Umbels, Spurs and Peduncles
After being cooped up at home for so long, Turita desperately wanted to find something to study and observe on a daily basis, to keep her preoccupied. So, when she noticed that our Hoya had a bud for the first time, Turita proclaimed herself a botanist! I bought this plant from a garden centre almost a year ago. I discovered it in a corner with lots of random, unhappy plants that actually looked kind of abandoned! But I recognised it as a Hoya and immediately saved it (at the time I was obsessed with watching YouTube videos about indoor plants)! After bringing it home I gave it a good wash and searched Google to identify it exactly. I had just rescued a Hoya carnosa ‘Krinkle 8’!
But what are hoya plants, you may be asking. Well according to wikipedia
“Hoya is a genus of 200–300 species of tropical plants in the family Apocynaceae (Dogbane). Most are native to several countries of Asia such as China, India, Thailand, Malaysia, Vietnam, and Indonesia, There is a great diversity of species in the Philippines, and species in Polynesia, New Guinea, and Australia.
Common names for this genus are waxplant, waxvine, waxflower or simply hoya. This genus was named by botanist Robert Brown, in honour of his friend, botanist Thomas Hoy.”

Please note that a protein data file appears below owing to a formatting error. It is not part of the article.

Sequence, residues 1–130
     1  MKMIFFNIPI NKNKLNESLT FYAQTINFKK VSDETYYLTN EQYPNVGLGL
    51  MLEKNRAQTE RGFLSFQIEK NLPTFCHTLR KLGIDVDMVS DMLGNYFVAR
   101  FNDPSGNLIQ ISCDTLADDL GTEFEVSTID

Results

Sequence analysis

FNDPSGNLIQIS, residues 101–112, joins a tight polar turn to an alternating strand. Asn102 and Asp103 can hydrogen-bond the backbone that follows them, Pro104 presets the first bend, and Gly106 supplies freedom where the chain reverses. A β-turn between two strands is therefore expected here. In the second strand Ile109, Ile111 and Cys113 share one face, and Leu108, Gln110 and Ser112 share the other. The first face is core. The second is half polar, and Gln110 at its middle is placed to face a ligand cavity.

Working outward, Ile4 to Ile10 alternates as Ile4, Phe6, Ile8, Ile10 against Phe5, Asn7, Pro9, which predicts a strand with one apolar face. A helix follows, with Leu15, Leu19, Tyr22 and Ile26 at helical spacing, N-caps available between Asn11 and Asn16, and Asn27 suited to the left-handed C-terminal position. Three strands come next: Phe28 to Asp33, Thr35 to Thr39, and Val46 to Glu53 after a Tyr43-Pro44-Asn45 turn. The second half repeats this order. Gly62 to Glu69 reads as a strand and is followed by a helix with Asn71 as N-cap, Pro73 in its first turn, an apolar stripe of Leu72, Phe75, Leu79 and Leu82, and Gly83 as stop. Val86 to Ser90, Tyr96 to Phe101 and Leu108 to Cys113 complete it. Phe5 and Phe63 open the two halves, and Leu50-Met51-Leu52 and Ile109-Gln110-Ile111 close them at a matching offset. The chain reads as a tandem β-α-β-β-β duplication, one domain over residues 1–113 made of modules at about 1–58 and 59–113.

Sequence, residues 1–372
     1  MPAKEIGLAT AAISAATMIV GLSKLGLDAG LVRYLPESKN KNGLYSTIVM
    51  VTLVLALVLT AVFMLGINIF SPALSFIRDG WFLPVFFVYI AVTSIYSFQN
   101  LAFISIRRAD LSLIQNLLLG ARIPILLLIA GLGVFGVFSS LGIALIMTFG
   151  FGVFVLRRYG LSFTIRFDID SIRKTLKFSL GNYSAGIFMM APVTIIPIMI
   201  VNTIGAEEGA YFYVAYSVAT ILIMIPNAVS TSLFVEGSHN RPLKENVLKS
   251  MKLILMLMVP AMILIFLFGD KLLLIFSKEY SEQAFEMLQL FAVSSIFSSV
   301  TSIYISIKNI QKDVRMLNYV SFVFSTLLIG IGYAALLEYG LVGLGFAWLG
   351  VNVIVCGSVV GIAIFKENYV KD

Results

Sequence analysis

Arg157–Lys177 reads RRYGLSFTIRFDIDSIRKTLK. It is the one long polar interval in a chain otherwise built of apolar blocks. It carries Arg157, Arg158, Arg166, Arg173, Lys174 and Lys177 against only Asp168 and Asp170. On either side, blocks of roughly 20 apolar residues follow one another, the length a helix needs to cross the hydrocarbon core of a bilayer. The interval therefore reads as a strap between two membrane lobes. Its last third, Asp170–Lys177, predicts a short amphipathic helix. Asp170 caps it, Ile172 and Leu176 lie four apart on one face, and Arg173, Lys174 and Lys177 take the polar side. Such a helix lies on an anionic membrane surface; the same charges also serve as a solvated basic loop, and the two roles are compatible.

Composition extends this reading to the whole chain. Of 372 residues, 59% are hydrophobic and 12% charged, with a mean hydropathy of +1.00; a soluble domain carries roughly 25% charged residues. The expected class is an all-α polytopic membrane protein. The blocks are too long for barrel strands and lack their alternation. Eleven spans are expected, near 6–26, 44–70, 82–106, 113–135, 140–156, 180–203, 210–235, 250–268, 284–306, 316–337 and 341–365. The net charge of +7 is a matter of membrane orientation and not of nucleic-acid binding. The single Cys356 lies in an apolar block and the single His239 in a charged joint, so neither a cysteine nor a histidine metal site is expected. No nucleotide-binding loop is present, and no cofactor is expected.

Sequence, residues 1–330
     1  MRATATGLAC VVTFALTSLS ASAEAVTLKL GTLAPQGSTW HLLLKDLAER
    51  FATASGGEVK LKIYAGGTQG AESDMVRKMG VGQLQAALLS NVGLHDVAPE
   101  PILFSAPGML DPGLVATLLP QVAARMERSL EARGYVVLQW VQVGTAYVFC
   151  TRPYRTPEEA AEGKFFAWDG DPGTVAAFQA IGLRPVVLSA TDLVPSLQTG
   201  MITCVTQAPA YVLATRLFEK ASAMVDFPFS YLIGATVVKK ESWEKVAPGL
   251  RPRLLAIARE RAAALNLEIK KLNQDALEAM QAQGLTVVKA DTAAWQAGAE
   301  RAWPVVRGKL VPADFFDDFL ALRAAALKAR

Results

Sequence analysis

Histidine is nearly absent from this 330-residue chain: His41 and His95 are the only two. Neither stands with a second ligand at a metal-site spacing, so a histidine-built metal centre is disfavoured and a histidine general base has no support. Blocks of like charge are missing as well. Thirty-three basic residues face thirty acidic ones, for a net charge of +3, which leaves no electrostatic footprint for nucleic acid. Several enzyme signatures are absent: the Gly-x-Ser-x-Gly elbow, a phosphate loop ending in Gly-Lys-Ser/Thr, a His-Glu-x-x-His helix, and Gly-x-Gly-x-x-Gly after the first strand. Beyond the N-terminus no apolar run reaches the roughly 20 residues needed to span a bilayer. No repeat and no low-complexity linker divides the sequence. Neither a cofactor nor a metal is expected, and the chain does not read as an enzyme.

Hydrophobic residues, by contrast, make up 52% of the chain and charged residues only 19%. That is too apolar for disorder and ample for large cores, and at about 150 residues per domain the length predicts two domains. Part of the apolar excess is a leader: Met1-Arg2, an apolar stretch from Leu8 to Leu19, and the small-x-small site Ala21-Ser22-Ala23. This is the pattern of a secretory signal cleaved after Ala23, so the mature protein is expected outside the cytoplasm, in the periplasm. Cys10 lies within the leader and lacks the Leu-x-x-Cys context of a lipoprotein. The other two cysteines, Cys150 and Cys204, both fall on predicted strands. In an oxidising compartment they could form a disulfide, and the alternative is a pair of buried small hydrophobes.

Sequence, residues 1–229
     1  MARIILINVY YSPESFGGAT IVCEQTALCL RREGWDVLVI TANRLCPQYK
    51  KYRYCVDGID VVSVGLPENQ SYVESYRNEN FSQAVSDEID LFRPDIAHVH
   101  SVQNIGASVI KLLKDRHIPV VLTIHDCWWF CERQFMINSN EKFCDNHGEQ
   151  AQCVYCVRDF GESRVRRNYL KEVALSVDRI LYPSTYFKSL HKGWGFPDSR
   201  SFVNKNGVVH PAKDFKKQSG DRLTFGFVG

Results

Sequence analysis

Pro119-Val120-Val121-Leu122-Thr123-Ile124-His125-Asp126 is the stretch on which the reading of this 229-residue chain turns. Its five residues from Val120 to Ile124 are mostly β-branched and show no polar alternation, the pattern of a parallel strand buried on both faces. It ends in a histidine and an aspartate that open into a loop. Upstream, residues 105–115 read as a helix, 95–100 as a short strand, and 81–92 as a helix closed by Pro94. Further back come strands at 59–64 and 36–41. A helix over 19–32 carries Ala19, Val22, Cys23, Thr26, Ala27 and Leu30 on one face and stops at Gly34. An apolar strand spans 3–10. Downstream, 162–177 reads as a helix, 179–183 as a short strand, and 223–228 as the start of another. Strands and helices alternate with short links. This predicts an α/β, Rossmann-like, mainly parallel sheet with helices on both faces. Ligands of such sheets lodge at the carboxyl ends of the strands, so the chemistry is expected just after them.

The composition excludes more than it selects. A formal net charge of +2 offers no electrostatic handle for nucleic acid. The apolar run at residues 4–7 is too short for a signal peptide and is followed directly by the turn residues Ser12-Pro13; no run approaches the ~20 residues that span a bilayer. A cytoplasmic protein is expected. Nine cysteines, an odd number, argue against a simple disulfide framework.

This specific type of Hoya carnosa has quite unusual leaves since they have 8 dimples or crinkles, hence, the name. It has woody stems. But the flower is, what can I say, a work of art! The flower clusters are delightful, I, we have never seen anything like it! A globe of star-shaped, very light pink blossoms with red violet centres and a subtle sweet scent.
Look at these amazing photos Turita took to show the bud’s development!
And a closeup! Just breathtaking!
Just living is not enough... one must have sunshine, freedom, and a little flower.
Hans Christian Andersen
The waiting in anticipation of the opening of the flowers was almost as exciting, if not more so, than the opening itself! It’s a wondrous thing that these tiny blossoms helped myself and Turita get through April!
P.P.S. Turita wanted to clarify that, in botany, an umbel is an inflorescence that consists of a number of short flower stalks which spread from a common point, imagine the ribs of an open umbrella! The word umbel was in fact coined from the Latin umbella “parasol, sunshade” for botanical vocabulary in the 1590s! The peduncle is the flower stalk and the spur is the tip of the peduncle where the flower is borne!
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